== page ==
In fact, this became a point of pride not only within those communities, but across the country.
White people in my circle of friends and acquaintances took the appointments of Harjit Sajjan and Jody Wilson-Raybould to key cabinet posts as a sign that Canada was growing up.
Suburban voters determine elections
The next question is tougher: can Singh become the first NDP prime minister?
Given the party's lengthy losing streak in federal politics, that's a higher threshold to cross than electing a nonwhite prime minister. But even on this score, it's far from an impossibility.
Recent federal elections were won by the party that performed best in the suburbs of Canada's large cities.
Stephen Harper's Conservatives performed exceptionally well in the suburbs everywhere except Montreal in 2006, 2008, and 2011.
His party even won a majority of seats in the House of Commons in 2011 while losing most of Quebec.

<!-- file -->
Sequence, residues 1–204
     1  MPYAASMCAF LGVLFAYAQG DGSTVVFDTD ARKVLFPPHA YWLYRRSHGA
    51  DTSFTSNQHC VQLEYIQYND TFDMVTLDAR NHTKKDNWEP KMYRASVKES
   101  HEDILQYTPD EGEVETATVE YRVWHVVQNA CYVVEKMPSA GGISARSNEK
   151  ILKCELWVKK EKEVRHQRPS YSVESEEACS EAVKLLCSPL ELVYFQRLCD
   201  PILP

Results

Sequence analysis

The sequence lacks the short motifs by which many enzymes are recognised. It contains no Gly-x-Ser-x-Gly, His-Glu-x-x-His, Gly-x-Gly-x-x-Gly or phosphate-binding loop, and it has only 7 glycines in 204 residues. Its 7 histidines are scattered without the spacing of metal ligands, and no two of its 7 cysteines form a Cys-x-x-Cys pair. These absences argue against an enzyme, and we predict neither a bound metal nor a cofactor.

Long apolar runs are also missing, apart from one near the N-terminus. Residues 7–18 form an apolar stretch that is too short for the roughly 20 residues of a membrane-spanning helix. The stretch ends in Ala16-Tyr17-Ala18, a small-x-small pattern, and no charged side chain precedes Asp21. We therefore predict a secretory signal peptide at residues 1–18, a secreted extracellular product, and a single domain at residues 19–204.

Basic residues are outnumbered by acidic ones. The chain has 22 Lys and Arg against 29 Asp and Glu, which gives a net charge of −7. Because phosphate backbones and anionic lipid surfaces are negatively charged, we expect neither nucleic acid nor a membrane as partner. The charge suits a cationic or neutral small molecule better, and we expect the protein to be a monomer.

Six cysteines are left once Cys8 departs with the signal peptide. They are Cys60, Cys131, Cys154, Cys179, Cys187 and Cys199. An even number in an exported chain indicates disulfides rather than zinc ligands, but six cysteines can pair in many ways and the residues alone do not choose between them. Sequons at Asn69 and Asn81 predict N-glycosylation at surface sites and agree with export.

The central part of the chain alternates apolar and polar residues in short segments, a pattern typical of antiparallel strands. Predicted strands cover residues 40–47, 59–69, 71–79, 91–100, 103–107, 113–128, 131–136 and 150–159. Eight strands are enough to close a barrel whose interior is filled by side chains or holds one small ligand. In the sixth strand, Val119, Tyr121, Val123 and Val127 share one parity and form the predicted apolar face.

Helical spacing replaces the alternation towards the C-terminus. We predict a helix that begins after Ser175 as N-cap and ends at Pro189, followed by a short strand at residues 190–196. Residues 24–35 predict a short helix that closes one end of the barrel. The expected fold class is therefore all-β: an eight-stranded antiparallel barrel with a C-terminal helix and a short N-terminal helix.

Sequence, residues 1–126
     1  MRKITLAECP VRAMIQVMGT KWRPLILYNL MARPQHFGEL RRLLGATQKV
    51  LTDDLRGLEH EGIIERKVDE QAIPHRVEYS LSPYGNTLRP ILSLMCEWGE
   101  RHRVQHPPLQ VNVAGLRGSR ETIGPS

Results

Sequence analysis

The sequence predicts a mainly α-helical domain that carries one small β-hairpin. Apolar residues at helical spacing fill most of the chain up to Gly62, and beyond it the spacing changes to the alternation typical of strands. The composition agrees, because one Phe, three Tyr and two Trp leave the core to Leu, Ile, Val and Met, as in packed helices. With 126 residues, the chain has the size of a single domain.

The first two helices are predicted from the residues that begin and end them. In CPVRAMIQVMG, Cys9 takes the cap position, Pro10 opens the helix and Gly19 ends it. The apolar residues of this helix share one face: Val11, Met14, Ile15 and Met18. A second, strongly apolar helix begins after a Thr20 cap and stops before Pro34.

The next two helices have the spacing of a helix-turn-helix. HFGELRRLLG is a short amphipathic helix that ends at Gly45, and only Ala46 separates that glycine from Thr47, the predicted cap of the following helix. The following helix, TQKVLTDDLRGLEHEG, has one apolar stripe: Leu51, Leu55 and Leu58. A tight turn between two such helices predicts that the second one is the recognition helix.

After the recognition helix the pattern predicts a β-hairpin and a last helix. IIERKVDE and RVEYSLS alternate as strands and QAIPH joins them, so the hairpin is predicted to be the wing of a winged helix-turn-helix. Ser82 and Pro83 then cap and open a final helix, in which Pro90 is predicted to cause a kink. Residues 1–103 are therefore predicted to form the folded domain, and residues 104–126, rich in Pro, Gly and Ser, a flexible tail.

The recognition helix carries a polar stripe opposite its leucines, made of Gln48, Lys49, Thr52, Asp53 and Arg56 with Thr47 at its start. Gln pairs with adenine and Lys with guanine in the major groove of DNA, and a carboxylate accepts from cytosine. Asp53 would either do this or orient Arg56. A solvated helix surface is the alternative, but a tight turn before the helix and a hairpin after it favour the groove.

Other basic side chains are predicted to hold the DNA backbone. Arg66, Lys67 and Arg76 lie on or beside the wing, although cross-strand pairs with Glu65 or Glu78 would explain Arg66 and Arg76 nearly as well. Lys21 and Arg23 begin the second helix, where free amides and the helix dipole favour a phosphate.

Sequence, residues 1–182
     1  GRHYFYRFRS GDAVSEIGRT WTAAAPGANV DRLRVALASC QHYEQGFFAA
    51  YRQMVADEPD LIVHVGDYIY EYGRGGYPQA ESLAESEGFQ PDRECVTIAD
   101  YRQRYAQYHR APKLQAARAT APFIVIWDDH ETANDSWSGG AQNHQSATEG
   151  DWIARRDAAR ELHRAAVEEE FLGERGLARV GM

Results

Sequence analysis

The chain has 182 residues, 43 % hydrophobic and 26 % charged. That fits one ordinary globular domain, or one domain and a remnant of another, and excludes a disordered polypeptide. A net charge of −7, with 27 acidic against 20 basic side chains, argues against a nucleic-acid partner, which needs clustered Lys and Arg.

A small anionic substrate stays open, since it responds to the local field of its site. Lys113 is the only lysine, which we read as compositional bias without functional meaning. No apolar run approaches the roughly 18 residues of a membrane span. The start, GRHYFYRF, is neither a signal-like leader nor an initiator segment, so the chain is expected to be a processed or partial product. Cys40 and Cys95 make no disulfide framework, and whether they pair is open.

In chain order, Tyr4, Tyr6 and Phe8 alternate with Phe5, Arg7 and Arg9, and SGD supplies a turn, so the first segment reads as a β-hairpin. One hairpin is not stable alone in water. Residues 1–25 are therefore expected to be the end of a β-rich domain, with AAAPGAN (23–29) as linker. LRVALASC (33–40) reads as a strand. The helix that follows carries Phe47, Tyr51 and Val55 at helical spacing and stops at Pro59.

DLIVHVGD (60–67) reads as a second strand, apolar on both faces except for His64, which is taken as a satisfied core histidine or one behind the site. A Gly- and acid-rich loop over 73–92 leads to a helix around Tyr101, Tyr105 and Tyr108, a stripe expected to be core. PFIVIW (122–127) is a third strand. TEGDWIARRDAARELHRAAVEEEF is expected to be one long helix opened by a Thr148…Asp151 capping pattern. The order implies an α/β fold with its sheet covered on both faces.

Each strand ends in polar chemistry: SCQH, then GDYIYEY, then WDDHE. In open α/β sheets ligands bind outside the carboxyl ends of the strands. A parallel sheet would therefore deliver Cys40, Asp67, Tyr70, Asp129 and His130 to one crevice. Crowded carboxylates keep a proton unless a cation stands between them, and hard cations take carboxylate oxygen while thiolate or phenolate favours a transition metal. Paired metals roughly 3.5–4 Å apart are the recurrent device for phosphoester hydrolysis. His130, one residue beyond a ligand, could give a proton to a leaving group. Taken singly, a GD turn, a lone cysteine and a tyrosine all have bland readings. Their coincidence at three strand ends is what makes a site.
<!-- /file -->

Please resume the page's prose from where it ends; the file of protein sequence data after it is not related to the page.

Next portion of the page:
This proved you don't have to win in Quebec to form the government.
In 2015, the Trudeau Liberals won a majority because they did supremely well in the suburbs and even in communities farther afield.
In B.C. the Liberals captured seats in Surrey, North Vancouver, Richmond, Coquitlam, and Delta, as well as in Mission and Kelowna.
The NDP's Singh is a politician from the suburbs of Toronto and he's probably the NDP's best bet to help the party succeed in the areas on the periphery of English-speaking Canada's big cities.